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Damn I need to come down and eat some Indian some time. Texans should thank Michael Dell and other tech leaders for helping you guys get good Indian food. I think I could just come down and eat BBQ, Mexican, and Indian and never have to touch another cuisine in Texas.

I look forward to the photos.

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A friend and I went to Zyka about a month or so ago.

I had:

Aachar Gosht:

A Hyderabadi specialty, goat meat is simmered with fresh tomatoes, fried onions, fresh cilantro and tempered with whole garlic, cloves, fennel seeds and whole red chillies.

$4.99

She had:

Kadhai Chicken (boneless)

Boneless chicken pieces cooked in an Indian wok with garden fresh tomatoes, ginger juliennes and coarsely ground spices.

$4.99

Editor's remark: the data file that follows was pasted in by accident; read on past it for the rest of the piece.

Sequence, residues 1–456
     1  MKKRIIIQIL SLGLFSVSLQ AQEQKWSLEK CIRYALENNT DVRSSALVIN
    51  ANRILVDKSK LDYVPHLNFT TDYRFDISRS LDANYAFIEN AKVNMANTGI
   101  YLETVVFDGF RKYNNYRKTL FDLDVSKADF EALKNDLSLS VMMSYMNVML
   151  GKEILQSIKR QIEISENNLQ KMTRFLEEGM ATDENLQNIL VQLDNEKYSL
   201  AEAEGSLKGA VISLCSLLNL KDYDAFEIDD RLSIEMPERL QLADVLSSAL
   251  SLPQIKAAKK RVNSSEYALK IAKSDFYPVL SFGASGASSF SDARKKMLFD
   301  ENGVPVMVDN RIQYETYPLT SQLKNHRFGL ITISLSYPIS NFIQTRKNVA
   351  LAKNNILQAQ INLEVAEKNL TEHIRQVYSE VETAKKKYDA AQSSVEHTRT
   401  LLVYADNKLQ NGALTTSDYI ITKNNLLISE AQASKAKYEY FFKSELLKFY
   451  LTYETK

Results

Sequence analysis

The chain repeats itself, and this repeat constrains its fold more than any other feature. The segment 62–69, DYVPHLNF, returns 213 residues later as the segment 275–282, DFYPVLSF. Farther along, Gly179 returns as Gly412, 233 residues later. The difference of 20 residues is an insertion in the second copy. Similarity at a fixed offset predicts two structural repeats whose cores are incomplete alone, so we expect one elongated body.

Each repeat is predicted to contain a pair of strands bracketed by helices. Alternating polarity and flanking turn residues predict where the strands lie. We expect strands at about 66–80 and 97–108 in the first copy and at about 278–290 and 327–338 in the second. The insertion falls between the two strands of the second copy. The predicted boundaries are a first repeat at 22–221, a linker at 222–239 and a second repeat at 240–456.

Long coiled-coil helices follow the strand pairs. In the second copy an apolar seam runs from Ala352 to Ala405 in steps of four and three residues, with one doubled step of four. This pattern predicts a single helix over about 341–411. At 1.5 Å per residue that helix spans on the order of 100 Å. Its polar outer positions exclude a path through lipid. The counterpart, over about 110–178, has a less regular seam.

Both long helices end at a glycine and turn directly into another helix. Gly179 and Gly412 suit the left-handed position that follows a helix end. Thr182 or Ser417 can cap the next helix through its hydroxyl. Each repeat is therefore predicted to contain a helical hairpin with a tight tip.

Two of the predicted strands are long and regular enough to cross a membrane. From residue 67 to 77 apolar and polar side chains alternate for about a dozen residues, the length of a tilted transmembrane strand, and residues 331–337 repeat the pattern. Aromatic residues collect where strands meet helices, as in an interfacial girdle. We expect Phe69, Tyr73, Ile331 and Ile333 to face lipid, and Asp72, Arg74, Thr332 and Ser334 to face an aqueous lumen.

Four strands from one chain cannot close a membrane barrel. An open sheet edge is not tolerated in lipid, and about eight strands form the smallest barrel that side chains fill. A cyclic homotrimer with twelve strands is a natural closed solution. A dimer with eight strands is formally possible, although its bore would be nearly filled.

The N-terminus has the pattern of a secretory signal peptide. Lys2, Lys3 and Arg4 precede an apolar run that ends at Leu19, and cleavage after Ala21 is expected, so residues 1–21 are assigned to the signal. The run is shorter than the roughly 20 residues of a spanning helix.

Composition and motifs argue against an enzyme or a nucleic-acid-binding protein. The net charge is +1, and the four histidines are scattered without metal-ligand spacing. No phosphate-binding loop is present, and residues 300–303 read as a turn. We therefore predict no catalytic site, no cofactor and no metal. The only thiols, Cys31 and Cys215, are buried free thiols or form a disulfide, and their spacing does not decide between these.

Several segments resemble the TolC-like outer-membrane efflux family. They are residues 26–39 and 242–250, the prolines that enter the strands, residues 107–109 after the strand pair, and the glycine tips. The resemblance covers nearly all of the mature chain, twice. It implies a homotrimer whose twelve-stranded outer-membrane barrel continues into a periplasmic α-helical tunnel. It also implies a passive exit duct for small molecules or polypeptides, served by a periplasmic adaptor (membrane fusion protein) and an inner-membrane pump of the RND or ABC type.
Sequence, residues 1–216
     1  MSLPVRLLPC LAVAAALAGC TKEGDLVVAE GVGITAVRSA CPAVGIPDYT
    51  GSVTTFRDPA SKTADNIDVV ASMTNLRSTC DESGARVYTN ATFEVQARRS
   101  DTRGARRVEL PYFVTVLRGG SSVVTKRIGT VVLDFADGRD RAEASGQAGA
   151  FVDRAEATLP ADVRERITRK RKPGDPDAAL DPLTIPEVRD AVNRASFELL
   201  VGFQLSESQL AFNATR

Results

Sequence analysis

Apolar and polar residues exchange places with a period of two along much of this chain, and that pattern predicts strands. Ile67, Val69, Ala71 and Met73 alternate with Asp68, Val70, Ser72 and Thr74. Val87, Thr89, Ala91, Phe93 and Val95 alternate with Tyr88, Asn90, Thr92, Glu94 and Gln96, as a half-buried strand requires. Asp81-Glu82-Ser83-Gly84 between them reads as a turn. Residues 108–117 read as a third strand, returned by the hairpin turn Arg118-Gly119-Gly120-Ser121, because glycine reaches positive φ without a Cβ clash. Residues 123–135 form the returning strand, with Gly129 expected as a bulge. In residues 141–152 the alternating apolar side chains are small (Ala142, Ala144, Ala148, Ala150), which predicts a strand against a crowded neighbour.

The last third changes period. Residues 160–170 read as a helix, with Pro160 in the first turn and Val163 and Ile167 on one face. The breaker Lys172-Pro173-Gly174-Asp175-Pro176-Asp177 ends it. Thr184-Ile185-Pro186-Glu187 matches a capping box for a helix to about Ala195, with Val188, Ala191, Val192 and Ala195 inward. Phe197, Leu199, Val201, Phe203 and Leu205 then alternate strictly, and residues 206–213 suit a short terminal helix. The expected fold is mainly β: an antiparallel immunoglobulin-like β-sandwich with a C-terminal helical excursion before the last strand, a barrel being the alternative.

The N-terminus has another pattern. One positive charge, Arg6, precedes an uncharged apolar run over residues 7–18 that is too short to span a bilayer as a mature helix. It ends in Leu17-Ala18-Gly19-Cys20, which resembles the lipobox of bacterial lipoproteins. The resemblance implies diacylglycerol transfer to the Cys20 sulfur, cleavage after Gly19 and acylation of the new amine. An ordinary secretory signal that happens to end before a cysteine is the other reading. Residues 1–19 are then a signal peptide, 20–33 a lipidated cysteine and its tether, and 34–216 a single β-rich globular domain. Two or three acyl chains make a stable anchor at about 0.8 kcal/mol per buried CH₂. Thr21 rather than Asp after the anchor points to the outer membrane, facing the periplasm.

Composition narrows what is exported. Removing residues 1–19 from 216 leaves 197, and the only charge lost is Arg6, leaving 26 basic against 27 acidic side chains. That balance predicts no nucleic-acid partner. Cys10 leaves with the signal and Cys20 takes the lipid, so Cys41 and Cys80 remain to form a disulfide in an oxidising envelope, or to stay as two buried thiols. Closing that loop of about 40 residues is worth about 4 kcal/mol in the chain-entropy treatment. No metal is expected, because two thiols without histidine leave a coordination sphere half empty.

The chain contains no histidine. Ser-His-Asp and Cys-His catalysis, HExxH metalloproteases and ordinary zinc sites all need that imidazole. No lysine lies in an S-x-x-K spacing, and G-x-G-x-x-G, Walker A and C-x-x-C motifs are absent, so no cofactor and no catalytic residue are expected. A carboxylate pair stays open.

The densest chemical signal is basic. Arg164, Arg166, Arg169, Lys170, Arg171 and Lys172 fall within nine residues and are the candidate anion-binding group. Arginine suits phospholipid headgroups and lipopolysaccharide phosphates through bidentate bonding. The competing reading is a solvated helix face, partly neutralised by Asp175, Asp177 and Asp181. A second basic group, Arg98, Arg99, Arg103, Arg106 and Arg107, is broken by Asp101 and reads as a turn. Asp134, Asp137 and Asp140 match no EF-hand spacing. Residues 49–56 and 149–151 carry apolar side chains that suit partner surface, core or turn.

Neither was really noteworthy and I didn't think that I'd be back, but I might be willing to give it another try. Maybe we caught them on an off day. It wasn't bad, mind you, and I do want to try the lassis.

I also want to try the vegetarian place on the other side of Taj.


Edited by nessa (log)

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Sounds good, I will have to try it soon. I have just started eating Indian food again. I was in Southern India for a month and got "burnt out" Not that I don't like Indian, but curry powder in the hash browns for breakfast was just to much :laugh:


Never trust a skinny chef

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i10393.jpg

Okay, the jury's still out on this one. I went back last night and had two more entrees--malai kofta and chilli chicken. i10391.jpg